Educate your staff about search engine threats

A recent report from the Office of Cyber-Security and Information Assurance estimates that cyber-crime costs UK businesses more than £21 billion per year. If your company relies on computers to conduct any aspect of your business, you should be aware of how to protect your assets from cyber-crime, including cyber-attacks, cyber-theft and other security incidents and search engine threats.

Why employees’ searches could affect you

As an employer, you should educate your employees about searching certain topics on the internet because of the risk of coming across websites encrypted with viruses or malware that could be detrimental to your operating systems. Stress that the potential for cyber-crime could affect employees personally or it could affect the entire company.

The web’s most dangerous search terms

A recent study by McAfee, Inc., an internet security company, exposed the riskiest searches one can perform on common search engines like Google® and Yahoo®. McAfee searched 2,658 popular keywords and phrases across 413,368 URLs to analyse the risk percentage of certain terms (note that McAfee defines risk percentage as the maximum percentage of ‘risky’ sites a user could encounter on a single page of results, where ‘risky’ means red-flagged for viruses, malware and other damaging items).

Key findings on search engine threats include:

  • The study deemed the search term ‘screensavers’ as the most dangerous keyword to use in public search engines, because it returned a maximum risk of about 59 per cent.
  • Entering the word ‘lyrics’ in any phrase in a public search engine returns one risky site for every two search results.
  • Any employee who clicks on a search engine result that contains the word ‘free’ has nearly a 22 per cent chance of infecting your company’s computers with threatening material like spyware, spam, adware, viruses or other malware.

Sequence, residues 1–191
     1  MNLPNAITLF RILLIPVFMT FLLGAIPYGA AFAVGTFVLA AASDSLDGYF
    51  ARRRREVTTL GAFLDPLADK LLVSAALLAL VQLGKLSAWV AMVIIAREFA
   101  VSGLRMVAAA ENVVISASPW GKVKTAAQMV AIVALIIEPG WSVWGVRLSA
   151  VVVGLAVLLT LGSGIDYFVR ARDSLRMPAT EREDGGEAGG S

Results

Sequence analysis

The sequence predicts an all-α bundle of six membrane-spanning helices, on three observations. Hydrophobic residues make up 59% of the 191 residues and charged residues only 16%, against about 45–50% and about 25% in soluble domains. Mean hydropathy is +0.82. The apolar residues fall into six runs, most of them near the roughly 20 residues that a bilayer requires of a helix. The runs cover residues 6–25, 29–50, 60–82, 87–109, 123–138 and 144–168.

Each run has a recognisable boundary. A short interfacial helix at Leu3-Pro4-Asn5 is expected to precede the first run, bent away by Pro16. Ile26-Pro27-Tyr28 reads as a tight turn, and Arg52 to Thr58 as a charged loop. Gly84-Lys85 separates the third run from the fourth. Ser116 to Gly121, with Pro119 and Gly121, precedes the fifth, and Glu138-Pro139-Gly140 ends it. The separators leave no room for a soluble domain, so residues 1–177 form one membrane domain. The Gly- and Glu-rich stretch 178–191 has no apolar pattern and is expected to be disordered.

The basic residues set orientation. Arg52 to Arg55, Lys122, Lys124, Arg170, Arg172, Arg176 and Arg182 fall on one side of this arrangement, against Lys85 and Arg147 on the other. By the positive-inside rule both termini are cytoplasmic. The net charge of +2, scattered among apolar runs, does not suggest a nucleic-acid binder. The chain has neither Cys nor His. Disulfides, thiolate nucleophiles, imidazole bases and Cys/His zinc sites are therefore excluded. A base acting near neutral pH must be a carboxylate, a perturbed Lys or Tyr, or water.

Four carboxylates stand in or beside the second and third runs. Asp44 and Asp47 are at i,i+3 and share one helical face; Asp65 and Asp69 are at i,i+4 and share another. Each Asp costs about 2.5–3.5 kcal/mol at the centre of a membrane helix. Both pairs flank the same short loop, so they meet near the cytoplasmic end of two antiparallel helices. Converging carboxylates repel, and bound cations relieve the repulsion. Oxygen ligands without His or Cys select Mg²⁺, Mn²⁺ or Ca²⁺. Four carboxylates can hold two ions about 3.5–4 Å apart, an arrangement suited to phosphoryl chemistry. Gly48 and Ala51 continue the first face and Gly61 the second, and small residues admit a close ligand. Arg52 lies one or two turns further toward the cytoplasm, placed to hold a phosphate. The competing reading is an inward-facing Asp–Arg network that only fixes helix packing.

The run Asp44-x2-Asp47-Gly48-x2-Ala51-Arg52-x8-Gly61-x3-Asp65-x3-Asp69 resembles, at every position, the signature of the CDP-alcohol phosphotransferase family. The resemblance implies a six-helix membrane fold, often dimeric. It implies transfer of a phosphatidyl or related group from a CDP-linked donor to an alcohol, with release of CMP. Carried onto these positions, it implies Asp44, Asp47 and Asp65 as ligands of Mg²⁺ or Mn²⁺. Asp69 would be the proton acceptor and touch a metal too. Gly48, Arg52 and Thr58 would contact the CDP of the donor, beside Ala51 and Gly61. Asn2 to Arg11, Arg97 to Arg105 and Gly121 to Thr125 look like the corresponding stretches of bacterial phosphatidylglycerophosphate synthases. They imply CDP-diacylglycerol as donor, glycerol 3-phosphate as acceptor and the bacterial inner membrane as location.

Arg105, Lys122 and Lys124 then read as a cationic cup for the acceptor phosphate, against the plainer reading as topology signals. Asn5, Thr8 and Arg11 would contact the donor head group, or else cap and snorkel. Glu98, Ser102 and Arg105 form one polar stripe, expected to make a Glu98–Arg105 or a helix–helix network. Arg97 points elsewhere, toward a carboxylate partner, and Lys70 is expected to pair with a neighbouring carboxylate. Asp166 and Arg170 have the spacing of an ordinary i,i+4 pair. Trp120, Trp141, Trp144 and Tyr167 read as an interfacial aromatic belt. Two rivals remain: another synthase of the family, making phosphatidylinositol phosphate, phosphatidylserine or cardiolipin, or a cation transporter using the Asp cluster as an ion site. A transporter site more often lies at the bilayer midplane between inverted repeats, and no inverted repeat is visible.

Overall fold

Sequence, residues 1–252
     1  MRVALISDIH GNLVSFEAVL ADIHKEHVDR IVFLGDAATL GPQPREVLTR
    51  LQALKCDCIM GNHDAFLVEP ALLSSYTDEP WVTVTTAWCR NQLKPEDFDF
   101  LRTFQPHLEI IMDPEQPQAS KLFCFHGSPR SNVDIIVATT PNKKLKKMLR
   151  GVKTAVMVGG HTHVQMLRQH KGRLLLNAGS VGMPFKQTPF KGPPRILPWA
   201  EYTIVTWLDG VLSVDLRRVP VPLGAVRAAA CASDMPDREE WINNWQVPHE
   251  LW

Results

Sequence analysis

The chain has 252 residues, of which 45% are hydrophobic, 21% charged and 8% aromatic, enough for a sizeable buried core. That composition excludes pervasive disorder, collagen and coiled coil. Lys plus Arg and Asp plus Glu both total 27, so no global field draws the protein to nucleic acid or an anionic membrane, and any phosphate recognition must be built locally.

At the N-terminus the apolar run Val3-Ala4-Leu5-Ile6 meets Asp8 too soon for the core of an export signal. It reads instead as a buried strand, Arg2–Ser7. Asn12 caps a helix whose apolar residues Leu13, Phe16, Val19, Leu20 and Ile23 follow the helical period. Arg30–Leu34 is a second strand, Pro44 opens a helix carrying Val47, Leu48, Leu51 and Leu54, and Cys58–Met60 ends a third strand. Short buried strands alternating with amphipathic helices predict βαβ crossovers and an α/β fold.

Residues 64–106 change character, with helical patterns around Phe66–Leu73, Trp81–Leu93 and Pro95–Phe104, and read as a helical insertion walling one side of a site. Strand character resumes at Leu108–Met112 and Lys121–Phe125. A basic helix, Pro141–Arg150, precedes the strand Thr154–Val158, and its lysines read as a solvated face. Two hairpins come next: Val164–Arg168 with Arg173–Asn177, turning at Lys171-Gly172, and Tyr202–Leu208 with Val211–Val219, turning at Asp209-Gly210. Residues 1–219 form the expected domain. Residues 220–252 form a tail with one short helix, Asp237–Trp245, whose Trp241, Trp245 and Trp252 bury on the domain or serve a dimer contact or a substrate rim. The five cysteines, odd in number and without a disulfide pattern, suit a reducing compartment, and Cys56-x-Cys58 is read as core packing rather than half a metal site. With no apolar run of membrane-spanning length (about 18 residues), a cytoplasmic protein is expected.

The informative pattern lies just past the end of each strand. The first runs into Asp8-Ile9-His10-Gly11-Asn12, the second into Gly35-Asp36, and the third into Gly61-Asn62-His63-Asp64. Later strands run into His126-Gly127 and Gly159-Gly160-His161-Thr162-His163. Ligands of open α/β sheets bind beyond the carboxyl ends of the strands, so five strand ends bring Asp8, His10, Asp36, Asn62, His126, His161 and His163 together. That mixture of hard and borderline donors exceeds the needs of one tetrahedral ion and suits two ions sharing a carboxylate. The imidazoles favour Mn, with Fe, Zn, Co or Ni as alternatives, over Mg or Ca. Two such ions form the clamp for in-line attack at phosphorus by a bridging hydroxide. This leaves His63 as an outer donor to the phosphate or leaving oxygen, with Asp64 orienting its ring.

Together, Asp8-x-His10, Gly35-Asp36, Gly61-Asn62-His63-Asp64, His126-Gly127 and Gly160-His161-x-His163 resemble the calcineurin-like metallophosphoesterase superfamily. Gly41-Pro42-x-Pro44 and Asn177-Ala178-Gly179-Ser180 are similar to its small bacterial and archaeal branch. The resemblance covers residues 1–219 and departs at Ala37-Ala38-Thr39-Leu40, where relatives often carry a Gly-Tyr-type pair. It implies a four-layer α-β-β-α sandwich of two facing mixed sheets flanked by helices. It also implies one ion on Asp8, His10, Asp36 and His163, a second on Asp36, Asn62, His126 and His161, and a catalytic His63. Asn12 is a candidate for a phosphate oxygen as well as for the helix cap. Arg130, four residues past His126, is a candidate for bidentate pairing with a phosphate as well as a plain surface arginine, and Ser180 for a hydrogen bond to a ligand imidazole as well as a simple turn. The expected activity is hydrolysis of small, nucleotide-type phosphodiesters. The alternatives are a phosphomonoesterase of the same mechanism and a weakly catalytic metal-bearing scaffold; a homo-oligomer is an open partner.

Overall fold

• The least risky search terms are health-related topics and searches about economic downturn - these items have a 0.4 per cent maximum risk.

Remember that the list of dangerous search terms is ever-changing. Hackers want to impact the highest amount of people with the least amount of effort, so they aim for the key search terms used most. Ill-intentioned hackers also adapt quickly to the fast-paced nature of the internet and the public circle, so oftentimes social or celebrity events popular at a given moment climb quickly to the top of the internet’s most dangerous search terms list and are a high risk for infecting your company’s computers.

Industries considered a part of the critical infrastructure account for a disproportionate amount of computer security incidents. If your company is in any of these industries, be especially careful about internet searches to ensure computer safety and protect against potentially devastating loss, both monetary and in down time.

These industries include:

  • Agriculture
  • Chemical and drug manufacturing
  • Computer system design
  • Finance
  • Health care
  • Internet service providers
  • Petroleum mining and manufacturing
  • Publications/broadcasting
  • Property
  • Telecommunications
  • Transport and pipelines
  • Utilities

Protect yourself

There are examples of companies and organisations around the globe that had to shut down operations to address a large-scale virus or other malware issue. These problems can affect both large and small businesses and can cost hundreds of thousands of pounds to fix.

Avoid putting yourself at risk by:

  • Enacting a stricter internet use policy
  • Putting stricter website blockers or filters in place
  • Educating employees about the hazards that risky search engine exploration can present

Some of these solutions may cost you in the short run, but lowering your risk will ultimately save your company money in potential identity fraud, monetary cyber-theft or informational cyber-theft if you look long-term.

Contact us for advice and guidance on managing your risks.


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